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Best Bullion for Investors

The Fine Line Between Price and Liquidity

Written by Luke Burgess
Posted July 2, 2016

Precious metals are rocking...

As I mentioned to you on Thursday, Brexit changed everything for gold and precious metals, and the markets continued to respond on Friday:

  • Gold prices were at their highest post-Brexit levels, closing at $1,345 an ounce.
  • Silver neared $20 an ounce.
  • Platinum found good support over the key $1,000/oz level.
  • Palladium prices topped $600/oz for the first time since mid-May.

But the run in precious metals prices doesn't appear to be through just yet. There are many betting on $1,400 or $1,500 gold by the end of the year. Some are wagering the yellow metal will go even higher. But with a shaky global economy and little to nothing central banks can do to help at this point, it's clear that the general direction of precious metals over the next several month is one way: up!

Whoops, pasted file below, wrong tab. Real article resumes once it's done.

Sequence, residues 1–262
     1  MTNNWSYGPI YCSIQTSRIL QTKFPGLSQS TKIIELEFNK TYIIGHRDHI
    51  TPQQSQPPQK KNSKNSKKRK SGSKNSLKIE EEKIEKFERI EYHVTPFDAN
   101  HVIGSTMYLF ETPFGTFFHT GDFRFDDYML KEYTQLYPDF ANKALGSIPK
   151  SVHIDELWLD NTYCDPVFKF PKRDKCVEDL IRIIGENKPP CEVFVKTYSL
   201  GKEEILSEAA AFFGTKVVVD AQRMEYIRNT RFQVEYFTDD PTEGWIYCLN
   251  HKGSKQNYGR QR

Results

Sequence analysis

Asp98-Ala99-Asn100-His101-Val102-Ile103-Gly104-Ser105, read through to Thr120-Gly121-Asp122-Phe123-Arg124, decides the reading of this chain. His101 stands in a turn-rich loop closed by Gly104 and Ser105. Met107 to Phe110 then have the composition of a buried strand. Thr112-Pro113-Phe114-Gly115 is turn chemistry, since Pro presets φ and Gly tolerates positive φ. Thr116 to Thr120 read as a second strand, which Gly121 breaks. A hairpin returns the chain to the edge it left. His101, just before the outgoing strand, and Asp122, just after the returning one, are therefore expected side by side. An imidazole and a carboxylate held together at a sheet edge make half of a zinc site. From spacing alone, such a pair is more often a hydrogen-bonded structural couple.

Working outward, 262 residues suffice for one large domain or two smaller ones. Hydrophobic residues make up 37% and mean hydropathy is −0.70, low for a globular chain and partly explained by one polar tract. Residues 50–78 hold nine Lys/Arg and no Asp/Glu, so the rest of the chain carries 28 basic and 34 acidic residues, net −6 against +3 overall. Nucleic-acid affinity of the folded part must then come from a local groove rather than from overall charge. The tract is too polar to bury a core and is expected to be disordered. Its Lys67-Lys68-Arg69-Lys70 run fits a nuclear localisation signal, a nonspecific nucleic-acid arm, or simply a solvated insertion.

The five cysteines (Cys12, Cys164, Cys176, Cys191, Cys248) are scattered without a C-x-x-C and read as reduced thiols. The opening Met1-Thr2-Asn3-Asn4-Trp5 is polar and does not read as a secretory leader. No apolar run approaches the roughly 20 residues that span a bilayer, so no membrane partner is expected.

With that in mind, I thought I would take some time this holiday weekend to give you some tips on buying the physical metals.

The very first thing a new precious metal buyer is going to notice are bullion prices — specifically, that all precious metal coins and bars retail higher than market prices.

For example, spot gold prices as quoted by the CME Group closed at $1,345 an ounce on Friday. But if you walked into a coin shop and asked for a one-ounce gold coin, the seller might ask for more than $1,400.

This additional cost over market spot prices is referred to as a premium — and it's generally the end result of a series of price mark-ups to cover costs and realize profits that runs through the distribution chain from mint to retail dealer.

Different bullion dealers charge different premiums. So right off the bat, it's a good idea to shop around.